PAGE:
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How carpal tunnel from office work can be covered by workers' comp

You've worked in an office for years, typing away at your computer for hours at a time. You start to feel aches in your wrists, that turn into numbness and tingling. Pretty soon, you feel pain in your wrists and go to the doctor. You learn you have carpal tunnel syndrome. Work is making the pain worse. But because the symptoms were gradual, you can't pinpoint the exact day it started. You may be surprised to learn that even if the condition started before you began work, carpal tunnel that is aggravated by working conditions is covered under state workers' comp law.

Carpal tunnel is a repetitive motion type injury that impacts the wrist. Carpal tunnel syndrome happens when the median nerve, which goes through the carpal tunnel passageway in your wrist, is pinched or compressed from repetitive motion. Workers may start to accept that this pain is part of the job, but they should know that workers' compensation is available to them.

Wrist injuries are covered under Louisiana Workers' Comp law

Wrist injuries can be either repetitive stress injuries (RSIs) or repetitive motion injuries (RMIs) like carpal tunnel syndrome, tendinitis or bursitis. According to a 2013 survey by FindLaw.com, 20 percent of people who were injured on the job suffered repetitive motion type injuries. Many of these injuries are aggravated by continued work, making them serious medical issues. If the condition is either caused by work, or aggravated by work, it is covered under workers' comp law.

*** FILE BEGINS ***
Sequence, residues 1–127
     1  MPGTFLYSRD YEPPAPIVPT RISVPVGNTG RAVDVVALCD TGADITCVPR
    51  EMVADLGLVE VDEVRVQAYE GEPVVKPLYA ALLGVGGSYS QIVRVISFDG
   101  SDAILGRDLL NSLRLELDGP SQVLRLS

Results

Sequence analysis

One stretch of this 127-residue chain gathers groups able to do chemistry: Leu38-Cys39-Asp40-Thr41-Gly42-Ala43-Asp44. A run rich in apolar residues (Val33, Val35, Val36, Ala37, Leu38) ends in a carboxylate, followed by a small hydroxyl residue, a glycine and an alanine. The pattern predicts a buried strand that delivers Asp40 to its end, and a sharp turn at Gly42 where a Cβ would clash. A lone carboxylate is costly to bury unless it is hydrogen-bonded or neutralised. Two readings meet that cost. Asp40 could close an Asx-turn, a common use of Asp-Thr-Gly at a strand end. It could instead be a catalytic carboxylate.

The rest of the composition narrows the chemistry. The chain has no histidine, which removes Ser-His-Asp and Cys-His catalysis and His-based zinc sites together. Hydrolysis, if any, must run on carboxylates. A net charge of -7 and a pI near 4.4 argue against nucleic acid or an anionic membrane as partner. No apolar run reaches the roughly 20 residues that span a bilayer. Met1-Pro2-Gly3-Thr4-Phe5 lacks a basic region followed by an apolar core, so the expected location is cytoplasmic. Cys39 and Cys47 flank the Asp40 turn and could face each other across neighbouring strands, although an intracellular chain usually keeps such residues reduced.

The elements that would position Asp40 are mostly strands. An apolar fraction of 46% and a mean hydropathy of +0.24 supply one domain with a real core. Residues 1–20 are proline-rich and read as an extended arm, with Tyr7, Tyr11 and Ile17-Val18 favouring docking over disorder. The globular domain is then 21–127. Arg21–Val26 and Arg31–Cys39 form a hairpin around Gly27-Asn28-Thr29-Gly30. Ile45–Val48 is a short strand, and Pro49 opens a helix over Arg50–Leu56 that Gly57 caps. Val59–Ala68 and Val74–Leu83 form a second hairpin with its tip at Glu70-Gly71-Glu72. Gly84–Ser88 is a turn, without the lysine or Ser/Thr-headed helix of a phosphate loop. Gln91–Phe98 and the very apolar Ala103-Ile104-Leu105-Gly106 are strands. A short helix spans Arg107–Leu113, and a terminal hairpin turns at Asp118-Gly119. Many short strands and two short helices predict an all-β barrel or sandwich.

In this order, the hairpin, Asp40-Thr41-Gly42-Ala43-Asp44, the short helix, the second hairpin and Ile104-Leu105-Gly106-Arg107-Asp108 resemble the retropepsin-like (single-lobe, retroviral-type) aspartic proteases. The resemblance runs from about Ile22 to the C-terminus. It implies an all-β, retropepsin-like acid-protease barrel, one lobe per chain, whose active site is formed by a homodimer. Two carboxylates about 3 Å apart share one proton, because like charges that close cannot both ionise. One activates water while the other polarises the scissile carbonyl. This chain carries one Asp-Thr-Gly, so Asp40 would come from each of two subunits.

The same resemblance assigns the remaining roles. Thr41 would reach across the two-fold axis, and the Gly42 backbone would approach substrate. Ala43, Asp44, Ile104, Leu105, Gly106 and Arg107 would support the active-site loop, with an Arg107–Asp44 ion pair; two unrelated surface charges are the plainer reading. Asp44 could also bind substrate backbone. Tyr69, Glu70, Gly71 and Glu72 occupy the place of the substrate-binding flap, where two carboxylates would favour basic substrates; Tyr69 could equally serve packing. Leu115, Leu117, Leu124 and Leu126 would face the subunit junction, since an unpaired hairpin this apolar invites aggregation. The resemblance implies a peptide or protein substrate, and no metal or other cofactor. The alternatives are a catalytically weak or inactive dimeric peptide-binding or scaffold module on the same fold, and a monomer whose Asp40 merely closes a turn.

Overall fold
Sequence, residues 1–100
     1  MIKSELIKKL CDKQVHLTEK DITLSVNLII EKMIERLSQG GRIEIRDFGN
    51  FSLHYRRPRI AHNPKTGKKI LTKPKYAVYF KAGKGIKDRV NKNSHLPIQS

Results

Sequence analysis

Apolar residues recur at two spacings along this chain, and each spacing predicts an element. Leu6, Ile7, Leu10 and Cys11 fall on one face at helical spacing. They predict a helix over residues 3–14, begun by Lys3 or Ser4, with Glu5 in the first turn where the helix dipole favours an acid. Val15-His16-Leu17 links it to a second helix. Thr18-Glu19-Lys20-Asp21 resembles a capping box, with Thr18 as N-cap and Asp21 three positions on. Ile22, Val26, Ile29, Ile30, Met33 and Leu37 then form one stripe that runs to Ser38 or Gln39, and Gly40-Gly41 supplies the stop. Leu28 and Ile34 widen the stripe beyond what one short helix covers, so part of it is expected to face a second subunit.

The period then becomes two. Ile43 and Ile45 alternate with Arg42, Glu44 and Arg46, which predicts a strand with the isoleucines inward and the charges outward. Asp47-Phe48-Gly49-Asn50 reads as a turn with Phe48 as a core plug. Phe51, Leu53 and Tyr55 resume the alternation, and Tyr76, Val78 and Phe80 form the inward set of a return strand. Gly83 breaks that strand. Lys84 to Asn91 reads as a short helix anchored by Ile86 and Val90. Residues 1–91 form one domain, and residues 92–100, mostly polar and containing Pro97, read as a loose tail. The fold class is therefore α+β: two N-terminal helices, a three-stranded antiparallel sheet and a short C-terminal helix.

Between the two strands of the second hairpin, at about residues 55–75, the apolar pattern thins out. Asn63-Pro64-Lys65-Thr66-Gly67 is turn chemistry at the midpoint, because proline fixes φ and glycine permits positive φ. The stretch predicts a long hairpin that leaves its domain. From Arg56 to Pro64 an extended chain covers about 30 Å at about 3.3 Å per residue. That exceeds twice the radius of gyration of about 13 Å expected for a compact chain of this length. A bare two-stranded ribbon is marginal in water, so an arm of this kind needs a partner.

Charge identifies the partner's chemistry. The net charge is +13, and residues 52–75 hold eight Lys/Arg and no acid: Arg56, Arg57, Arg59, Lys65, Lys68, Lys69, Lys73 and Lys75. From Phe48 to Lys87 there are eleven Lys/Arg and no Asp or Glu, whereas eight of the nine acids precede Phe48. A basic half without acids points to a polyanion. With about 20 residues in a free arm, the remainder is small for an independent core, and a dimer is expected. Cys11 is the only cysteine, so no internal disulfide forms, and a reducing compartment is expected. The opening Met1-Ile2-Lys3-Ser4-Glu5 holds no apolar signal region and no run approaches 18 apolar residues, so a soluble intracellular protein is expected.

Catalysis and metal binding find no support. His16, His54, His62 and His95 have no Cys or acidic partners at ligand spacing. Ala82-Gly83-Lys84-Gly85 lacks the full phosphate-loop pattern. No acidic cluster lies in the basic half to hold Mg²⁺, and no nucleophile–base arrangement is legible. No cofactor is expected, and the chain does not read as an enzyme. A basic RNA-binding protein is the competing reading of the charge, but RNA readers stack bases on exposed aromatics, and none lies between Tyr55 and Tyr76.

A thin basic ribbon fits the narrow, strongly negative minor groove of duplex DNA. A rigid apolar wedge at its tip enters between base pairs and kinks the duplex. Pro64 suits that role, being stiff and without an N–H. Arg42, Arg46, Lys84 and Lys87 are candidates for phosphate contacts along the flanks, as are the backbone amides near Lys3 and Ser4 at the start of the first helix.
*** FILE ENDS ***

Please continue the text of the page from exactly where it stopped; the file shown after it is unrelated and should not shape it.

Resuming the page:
Workers' comp covers injuries from accidents or occupational diseases. Carpal tunnel syndrome falls under the occupational diseases category. As defined by the Louisiana Workers' Compensation Act, a disease or illness is covered when it occurs due to work conditions characteristic of that particular trade, occupation, process or employment in which the employee is exposed to that disease. When you can connect your wrist injury, even though it is a fairly common condition, to your work --- showing that your work triggers, causes or aggravates it, it is likely you can be covered by your employer's workers' compensation insurance.

What can workers' comp pay for?

While the situation varies between each individual, workers' comp for carpal tunnel syndrome typically pays for the following:

Replacement income to cover a portion of your lost wages while you are out of work

• Medical care from your wrist injury, including doctor's visits, prescriptions and physical therapy

• The cost of re-training you to do a different job, if you cannot return to the same position because of your injury

• Wrist surgery if your condition is severe enough to require surgery, but workers' comp may only cover a portion of the cost

If you file for workers' compensation and collect benefits, you cannot sue your employer because of the injury. Workers' compensation also does not cover damages for pain and suffering. If you are experiencing carpal tunnel due to your job, or feel your condition is aggravated by work, a workers' comp attorney can help you get the benefits you deserve. While it is not required to hire an attorney for workers' comp claims, your chances of getting the maximum benefits you deserve are much better with an attorney who is an expert in handling these claims. It is not always easy to obtain benefits, and even if you have been denied, an attorney can help you resolve the claim.

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